Interview with Matthew Evans from Martial Arts Illustrated Magazine.

Bob Sykes: Matthew could you tell me just how you got involved in the martial arts, and who was your first instructor?

Matthew Evans: It was my uncle Gary, who got me involved in martial arts, he wanted to go to Geoff's club and asked me to go with him. Geoff was my first instructor.

Bob Sykes: What were your first impressions of Geoff, and how do you view him as an instructor today?

Matthew Evans: I remember thinking what an awesome presence Geoff has and how welcome he made me feel. Geoff has an aura about him and as far as instructors go I don't think I could have a better one then Geoff. It's a privilege to be one of his students, its not just the way Geoff teaches self-defence but also the way he views life and being a good person. This is the most important thing I learn from Geoff.

Bob Sykes: What other styles of martial arts have you studied?

Matthew Evans: The first style I trained in was karate. I also studied in boxing, Free-style wrestling, Greco-Roman wrestling and Ju-Jitsu.

At the moment I am trying to put a lot of time in to Judo and I hope to do the same with Thai boxing.

Bob Sykes: Does Geoff encourage this cross training, if so in what ways does he help?

Matthew Evans: Since I started at Geoff's club he has always encouraged cross training. I think Geoff had a lot to do with bringing the cross training into the martial arts in England. Geoff has helped me in cross training by getting me to train with other great martial artists Wayne Lakin, Glenn smith, Neil Adams, Dave Turnton. To name a few this has helped me to learn all the fighting ranges. Geoff gives us advice on what systems would be useful to us, usually systems that he is studying himself, but he always leaves us to choose what we want to do and will always support us with what we do.

Bob Sykes: Can it at times be confusing learning between four and five systems at one time?

Matthew Evans: No not really. I find most systems compliment each other. If you're learning punching one session and then grappling the next you're not really going to be confused. I must admit that I do forget the names to some techniques.

Bob Sykes: I hear that you come from what many people would describe as a rough neighbourhood. How has this influenced the way in which you view your life?

Matthew Evans: Willenhall is not as rough as it used to be. It has calmed down a lot this may have something to do with the police station they have built there. Coming from Willenhall has influenced the way I view my life, it has helped me see the way I don't want to turn out. I'm not saying that Willenhall is full of bad people; there are some great people in my neighbourhood. I have learnt more from seeing both good and bad sides of people.

Bob Sykes: What experience have you had of bullying?

Matthew Evans: When I was younger I was teased for being overweight, this always made me want to do something physical, but I've been lucky as I've never been bullied before. I think this was because I had an older brother who was handy so I got no older lads picking on me.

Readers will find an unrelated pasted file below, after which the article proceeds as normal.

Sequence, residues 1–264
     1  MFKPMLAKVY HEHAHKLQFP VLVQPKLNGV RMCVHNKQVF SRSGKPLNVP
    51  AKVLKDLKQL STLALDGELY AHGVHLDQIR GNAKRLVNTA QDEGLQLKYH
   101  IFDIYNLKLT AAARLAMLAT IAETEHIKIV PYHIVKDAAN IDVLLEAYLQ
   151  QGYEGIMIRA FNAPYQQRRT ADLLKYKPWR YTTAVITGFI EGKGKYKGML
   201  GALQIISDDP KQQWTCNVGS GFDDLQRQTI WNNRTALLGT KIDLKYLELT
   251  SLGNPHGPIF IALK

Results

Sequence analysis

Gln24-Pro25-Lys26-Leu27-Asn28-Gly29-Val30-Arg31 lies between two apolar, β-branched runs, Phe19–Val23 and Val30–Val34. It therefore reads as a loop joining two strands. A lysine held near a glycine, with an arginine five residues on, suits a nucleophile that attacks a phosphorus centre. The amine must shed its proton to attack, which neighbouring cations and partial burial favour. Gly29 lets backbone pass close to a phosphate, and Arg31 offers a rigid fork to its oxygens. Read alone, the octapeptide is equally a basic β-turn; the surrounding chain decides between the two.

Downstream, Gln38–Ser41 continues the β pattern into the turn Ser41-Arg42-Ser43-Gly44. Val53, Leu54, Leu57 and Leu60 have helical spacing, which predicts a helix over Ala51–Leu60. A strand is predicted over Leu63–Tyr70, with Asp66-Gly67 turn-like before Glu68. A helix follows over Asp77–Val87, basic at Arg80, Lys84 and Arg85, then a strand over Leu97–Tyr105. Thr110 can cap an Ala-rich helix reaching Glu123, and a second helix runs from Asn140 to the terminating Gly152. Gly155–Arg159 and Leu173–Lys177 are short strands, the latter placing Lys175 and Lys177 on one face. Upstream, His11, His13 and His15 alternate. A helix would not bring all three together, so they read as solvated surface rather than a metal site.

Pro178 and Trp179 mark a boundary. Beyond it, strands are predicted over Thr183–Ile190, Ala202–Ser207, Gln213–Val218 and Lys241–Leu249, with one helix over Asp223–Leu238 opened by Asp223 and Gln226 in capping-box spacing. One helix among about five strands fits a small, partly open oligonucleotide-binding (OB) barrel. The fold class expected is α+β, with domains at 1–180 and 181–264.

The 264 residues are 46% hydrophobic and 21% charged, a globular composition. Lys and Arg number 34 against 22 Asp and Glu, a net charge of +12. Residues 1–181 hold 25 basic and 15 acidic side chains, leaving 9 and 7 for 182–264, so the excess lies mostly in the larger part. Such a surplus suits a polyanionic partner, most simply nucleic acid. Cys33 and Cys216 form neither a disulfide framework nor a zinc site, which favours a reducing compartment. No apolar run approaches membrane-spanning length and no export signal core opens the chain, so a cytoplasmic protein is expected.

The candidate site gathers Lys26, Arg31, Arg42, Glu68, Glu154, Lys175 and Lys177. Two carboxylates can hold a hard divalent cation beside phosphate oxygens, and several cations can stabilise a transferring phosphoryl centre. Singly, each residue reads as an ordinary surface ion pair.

Bob Sykes: For twenty-one you strike me as being a very deep and thoughtful individual who obviously sees the futility of violence. How does preaching a non-violent message go down in an area such as yours?

Matthew Evans: I believe in preaching a non-violent message. I think everyone should try to make the world a more peaceful place, especially in areas like Willenhall. This is where the message needs to be preached. I will always try to make people see things from a different point of view. I will not be offended if they don't want to listen, as it's their choice.

Bob Sykes: I hear your brother trains too, could you tell me a little about him?

Matthew Evans: My brother Lea is awesome. He's a real heavy hitter and likes to use his wrestling a lot, his grappling is at a real good level, he likes to ground and pound. Lea is also a really great person. I have learnt so much from him and we get on so well and I love him so much. I could not ask for a better brother.

Bob Sykes: Prior to this interview, I spent a few long minutes on the mat with Justin Gray, and he's a monster. How do you manage to go up against him twice daily?

Matthew Evans: Justin is awesome as well; he was actually my training partner for my recent fight. When you train with someone as good as Justin twice a day everyday, anything else is a welcome change. Justin is also a heavy hitter and his grappling is at a real good level. He is always hard work and I learn so much from him. I see Justin as a real close friend. When you train so much with someone it brings you close together.

Bob Sykes: How would you define spirituality within the martial arts?

Matthew Evans: I think with training so physically in the martial arts the mental side comes with it. At first when I trained I wanted to learn how to handle myself but now I want to learn the spiritual side, to become a better person and to help other people. I hope I never have to fight again. I've done all my fighting in the gym.

Bob Sykes: And what about the future, where do you feel its pulling you?

Matthew Evans: At the moment I am not sure what the future holds. I'm deciding whether to carry on competing or considering going into the seminars and doing more teaching. I'm in no rush to make any decisions and I'm really happy at the moment.

I have a great life with a great family who I love. I have great friends, especially Geoff, so I am confident my future will be fine whichever way I go.